On the scarier side, the GPU might still be suffering from insufficient power draw because the PSU that supplies energy itself is no longer capable of doing so. In this case, we recommended replacing the PSU as soon as possible, as such a malfunction could be a sign that the current one you are using might be failing very soon.
SOLUTION: Never forget to plug (properly) the necessary PCI-E PSU supply cable to the connectors on your GPU.
4. The CPU is bottlenecking the GPUs maximum output
When processing graphical loads, the GPU still requires to partially communicate with the CPU, as well as the CPU itself carrying out the number crunching for the task at hand. If the CPU is unable to keep up with its work with a certain task, delays in communication between it and the GPU will occur, resulting in what is typically known as a performance bottleneck.
The effects of a performance bottleneck will vary depending on the configuration of your system, and what exactly is being done. In games, for example, a performance bottleneck can either simply happen as a drop in FPS, or in more severe cases, fluctuations in frametime (stuttering). It can even outright cause software crashes if the processing delay directly affects the program’s normal functions.
In terms of configuration, performance bottlenecks usually happen when there is a huge mismatch between the CPU or GPU tiers. For example, if you pair a Ryzen 3 3100 (entry-level) with a Radeon RX 6800 XT (high-end), then play CPU-intensive games like Shadow of the Tomb Raider or Red Dead Redemption 2. Thus, the direct solution is to keep the GPU and CPU tiers equal as much as possible.
Or, for the purposes of this article, the CPU can be as powerful as it can be, so long as the GPU is allowed to perform at it is 100 percent.
SOLUTION: Always use a CPU at or above the (current) performance tier of your GPU.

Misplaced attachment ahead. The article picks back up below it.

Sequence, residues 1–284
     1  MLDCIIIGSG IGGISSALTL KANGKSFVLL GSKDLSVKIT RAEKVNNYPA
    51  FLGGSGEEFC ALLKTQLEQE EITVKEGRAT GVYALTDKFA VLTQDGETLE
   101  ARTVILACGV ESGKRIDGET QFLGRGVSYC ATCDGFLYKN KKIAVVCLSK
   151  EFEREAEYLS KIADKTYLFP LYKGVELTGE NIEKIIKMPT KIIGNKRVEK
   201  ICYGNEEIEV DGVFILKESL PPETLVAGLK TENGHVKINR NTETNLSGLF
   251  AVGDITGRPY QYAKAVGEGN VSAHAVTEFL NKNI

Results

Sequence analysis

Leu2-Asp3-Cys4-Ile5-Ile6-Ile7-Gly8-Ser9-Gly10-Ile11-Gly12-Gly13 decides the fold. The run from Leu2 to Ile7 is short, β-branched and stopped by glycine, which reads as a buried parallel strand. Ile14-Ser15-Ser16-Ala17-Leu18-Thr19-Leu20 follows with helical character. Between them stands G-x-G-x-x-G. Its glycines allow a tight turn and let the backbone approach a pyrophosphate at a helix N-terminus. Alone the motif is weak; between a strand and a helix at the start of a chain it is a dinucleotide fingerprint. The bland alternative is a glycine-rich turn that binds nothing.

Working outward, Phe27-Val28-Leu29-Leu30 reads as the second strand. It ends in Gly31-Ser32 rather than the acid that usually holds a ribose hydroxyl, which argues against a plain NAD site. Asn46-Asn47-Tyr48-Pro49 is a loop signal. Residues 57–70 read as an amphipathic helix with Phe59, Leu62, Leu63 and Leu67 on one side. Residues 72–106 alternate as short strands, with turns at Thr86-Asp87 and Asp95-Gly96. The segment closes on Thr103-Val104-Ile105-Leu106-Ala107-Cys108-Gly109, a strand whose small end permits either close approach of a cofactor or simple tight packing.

5. The GPU Doesn’t Have Enough VRAM (despite having good specs)
Games today are being studded with more and more pre-rendered digital assets and object details than ever before. While they definitely look stunning, even at lower-ish settings, this does mean that VRAM usage has become significantly higher than it was even just a couple of years ago.
As such, older cards that are still supposed to have good rasterization performance today, may find themselves stuck in a stuttery mess, all because of updated VRAM requirements.
The best example of this would be the GTX 1060 3GB. True, the 3GB VRAM version does have lesser CUDA cores than the original 6GB VRAM variant (making its base number-crunching performance comparatively lower by default). But the performance difference is usually only split between 7-10% average so long as the VRAM buffer limit is not exceeded. On modern games that are very VRAM intensive, like Assassin’s Creed: Valhalla, the 3GB VRAM variant’s performance drops down like a rock, averaging only 22 FPS on 1080p High compared to the 6GB version’s 48 FPS on the same settings.
To prove this point even further, when settings are set to Low (reduced VRAM usage), the 3GB version actually catches up within the same benchmark, with a difference of only 4 FPS (66 versus 70) to the 6GB one.
SOLUTION: Tweak the game’s VRAM-related settings (textures, shadows, etc.), or go 6GB VRAM and above on your next round of upgrade.
BONUS: You are plugged into an older PCI-E slot
No, no, no. Bandwidth-wise, this is not a general problem for any graphics card today, unless maybe you’re plugging a PCI-E 3.0 GPU into a 1.0 port (which will indeed throttle the performance down). The performance constraining issue here on modern systems is specific to the Radeon RX 6600 XT.
Unlike most graphics cards that use the full x16 pin suite, the 6600 XT only uses an x8 pin configuration but on a PCI-E 4.0 connection. This means if your motherboard doesn’t support PCI-E 4.0, this particular graphics card would not be able to deliver its full 100% performance, as it will only use x8 pins on your 3.0 connection.
How much percentage is left, you ask? Well, still about 94% to 96%, actually. Nothing to totally panic about, but the better you know.